Zand tribe

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The Zand tribe is a tribe of Lak[1][2][3][4][5] or Lurs of Lorestan.[6][7] The tribe is most known for their member, Karim Khan, who become the Regent of Southern Persia for Ismail III in 1750.[8] After Zand's death in 1779, internal conflicts for his succession resulted in a weakening of the dynasty, ending with the defeat of Karim Khan's nephew over regional rulers.

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  1. ^ One of the contenders for power was Karim Khan Zand, a member of the Lak tribe near Shiraz, William Marsden, Stephen Album, Marsden's Numismata orientalia illustrata, Attic Books, 1977, ISBN 978-0-915018-16-1, p. 158.
  2. ^ Karim Khan, the founder of the Zand dynasty of Persia that succeeded the Afsharids, was himself born to a family of these Lak deportees (of the Zand tribe), Mehrdad R. Izady, The Kurds: A Concise Handbook, Taylor & Francis, 1992, ISBN 978-0-8448-1727-9, p. 12.
  3. ^ Kurdish leader, Karim Khan Zand,..., Wadie Jwaideh, The Kurdish National Movement: Its Origins and Development, Syracuse University Press, 2006, ISBN 978-0-8156-3093-7, p. 17.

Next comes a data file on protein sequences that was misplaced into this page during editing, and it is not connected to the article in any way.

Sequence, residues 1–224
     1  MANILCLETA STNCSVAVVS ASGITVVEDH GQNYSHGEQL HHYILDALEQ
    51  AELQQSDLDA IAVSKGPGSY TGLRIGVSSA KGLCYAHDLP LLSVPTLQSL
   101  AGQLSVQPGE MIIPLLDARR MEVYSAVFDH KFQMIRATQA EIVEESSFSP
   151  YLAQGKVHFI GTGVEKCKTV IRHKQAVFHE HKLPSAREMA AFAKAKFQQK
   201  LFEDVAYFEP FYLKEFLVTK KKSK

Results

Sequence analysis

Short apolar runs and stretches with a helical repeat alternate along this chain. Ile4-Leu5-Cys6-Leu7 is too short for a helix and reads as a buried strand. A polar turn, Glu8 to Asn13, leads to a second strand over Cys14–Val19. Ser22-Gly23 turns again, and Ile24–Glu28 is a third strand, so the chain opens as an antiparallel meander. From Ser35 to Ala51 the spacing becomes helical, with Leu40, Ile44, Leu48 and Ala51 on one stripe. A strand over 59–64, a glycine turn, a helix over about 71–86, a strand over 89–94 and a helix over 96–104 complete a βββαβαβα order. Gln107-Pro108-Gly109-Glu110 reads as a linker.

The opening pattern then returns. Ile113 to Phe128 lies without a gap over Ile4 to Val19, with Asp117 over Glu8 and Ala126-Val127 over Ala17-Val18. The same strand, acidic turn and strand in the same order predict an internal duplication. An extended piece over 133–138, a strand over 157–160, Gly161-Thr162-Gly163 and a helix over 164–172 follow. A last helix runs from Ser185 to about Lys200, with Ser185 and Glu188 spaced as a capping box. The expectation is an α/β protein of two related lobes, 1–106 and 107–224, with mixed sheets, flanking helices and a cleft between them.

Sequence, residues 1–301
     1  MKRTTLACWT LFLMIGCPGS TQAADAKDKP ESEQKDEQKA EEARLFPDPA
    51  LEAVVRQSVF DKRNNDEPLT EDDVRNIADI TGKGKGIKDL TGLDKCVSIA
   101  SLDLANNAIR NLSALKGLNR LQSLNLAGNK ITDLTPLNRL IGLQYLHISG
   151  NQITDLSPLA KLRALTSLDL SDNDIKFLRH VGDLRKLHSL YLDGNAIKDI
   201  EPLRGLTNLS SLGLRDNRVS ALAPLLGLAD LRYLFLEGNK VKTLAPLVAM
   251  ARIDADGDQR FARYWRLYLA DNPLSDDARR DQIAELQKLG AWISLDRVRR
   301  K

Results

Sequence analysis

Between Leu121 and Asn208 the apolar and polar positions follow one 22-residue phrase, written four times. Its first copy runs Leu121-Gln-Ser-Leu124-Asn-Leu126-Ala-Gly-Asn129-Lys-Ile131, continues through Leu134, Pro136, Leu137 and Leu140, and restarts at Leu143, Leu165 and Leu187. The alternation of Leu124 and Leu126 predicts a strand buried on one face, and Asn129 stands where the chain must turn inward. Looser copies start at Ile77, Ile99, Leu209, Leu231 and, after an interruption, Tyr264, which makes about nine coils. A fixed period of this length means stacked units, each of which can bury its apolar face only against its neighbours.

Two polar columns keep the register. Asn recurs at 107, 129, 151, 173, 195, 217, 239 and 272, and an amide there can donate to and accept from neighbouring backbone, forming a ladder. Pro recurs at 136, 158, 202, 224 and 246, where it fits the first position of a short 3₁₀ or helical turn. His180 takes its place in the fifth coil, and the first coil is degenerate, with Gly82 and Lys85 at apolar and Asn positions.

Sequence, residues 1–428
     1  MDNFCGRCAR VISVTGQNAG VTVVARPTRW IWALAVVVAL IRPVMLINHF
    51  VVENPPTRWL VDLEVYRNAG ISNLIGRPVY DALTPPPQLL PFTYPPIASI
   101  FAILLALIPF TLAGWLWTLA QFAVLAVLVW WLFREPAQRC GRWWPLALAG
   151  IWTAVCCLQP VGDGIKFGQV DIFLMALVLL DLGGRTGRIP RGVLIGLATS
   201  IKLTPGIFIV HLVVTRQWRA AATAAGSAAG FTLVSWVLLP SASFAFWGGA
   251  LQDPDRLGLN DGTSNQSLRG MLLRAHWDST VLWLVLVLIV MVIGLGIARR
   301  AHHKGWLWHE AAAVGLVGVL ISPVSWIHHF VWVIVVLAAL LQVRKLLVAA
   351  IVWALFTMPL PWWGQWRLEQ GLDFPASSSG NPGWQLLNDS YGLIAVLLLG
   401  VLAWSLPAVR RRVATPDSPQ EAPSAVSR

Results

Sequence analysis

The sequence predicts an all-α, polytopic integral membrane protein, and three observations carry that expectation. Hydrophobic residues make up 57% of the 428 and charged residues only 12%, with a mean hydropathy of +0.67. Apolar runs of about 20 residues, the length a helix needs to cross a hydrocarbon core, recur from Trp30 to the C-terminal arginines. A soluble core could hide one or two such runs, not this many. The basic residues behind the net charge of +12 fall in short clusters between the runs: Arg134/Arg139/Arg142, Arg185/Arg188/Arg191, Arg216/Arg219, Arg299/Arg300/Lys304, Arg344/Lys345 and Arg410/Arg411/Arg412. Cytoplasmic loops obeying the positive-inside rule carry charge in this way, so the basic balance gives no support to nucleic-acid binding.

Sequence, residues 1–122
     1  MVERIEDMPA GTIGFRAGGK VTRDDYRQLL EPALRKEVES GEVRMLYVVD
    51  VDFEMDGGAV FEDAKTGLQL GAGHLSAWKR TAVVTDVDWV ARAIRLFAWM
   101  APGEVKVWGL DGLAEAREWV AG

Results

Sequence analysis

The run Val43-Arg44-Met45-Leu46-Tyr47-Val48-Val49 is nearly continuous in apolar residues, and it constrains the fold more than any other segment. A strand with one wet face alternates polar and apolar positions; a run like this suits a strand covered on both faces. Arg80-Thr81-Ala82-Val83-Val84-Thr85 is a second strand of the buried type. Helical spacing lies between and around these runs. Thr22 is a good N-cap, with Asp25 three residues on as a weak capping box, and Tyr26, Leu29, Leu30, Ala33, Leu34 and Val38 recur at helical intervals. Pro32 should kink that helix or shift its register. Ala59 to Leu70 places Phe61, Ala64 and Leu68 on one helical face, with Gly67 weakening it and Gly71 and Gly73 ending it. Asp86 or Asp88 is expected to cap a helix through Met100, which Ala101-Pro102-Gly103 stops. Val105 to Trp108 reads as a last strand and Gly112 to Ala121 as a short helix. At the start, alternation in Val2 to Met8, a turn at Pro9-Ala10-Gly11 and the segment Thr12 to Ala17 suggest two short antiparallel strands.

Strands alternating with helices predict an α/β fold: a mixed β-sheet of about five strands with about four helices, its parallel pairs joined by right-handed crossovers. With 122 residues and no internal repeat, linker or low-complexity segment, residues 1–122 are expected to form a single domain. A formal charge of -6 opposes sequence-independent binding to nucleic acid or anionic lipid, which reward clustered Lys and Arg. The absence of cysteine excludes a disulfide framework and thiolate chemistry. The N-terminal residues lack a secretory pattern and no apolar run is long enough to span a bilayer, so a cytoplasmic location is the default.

4. ^ Lokman I. Meho, Kelly L. Maglaughlin, Kurdish Culture and Society: An Annotated Bibliography, Greenwood Publishing Group, 2001. ISBN 978-0-313-31543-5, p. 308.
  5. ^ Jwaideh, Wadie (2006). The Kurdish national movement: its origins and development. 
  6. ^ Muhammad Karim Khan, of the Zand clan of the Lur tribe, suc- ceeded in imposing his authority on parts of the defunct Safavid empire, David Yeroushalmi, The Jews of Iran in The Nineteenth Century: Aspects of History, Community, and Culture, BRILL, 2009, ISBN 978-90-04-15288-5, p. xxxix.
  7. ^ ...the bulk of the evidence points to their being one of the northern Lur or Lak tribes, who may originally have been immigrants of Kurdish origin., Peter Avery, William Bayne Fisher, Gavin Hambly, Charles Melville (ed.), The Cambridge History of Iran: From Nadir Shah to the Islamic Republic, Cambridge University Press, 1991, ISBN 978-0-521-20095-0, p. 64.
  8. ^ Perry, J. R. (January 2004). "Lokman I. Meho and Kelly L. Maglaughlin, Kurdish Culture and Society: An Annotated Bibliography". Journal of Near Eastern Studies 63 (1): 72. doi:10.1086/382580. Archived from the original on 2004-09-17. …the Zand tribe is generally considered (and considered themselves) to be Lurs rather than Kurds. 

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